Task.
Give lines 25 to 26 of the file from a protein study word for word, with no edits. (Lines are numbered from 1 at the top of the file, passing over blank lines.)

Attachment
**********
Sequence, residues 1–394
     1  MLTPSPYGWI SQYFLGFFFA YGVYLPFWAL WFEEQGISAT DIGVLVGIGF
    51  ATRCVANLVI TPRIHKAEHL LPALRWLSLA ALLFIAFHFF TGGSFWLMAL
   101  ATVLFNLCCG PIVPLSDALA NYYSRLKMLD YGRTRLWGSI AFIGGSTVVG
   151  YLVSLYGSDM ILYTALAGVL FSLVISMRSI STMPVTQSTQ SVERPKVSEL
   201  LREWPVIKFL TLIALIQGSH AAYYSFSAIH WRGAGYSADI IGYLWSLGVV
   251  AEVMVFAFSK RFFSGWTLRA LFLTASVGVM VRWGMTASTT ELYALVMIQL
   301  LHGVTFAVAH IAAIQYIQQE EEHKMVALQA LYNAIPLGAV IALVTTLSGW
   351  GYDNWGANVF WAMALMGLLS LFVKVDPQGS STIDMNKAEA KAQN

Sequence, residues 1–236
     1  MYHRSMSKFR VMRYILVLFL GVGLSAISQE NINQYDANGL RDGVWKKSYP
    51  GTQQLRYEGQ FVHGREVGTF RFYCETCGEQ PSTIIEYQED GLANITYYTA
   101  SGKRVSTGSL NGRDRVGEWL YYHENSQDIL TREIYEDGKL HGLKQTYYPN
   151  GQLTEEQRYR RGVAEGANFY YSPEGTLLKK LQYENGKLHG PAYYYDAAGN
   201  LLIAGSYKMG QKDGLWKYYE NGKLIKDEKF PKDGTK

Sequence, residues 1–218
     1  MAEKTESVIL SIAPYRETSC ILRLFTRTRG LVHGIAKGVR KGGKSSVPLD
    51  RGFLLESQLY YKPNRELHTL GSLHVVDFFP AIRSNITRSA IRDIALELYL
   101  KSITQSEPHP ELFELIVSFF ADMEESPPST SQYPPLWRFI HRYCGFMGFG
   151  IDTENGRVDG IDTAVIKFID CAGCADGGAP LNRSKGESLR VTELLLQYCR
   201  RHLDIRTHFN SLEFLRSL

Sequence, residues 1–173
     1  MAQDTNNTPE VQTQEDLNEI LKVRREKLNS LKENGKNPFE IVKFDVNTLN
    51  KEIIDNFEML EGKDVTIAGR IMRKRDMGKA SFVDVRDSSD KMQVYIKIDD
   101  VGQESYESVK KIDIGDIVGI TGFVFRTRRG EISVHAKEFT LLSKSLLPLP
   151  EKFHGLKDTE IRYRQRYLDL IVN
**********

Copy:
   101  VGQESYESVK KIDIGDIVGI TGFVFRTRRG EISVHAKEFT LLSKSLLPLP
   151  EKFHGLKDTE IRYRQRYLDL IVN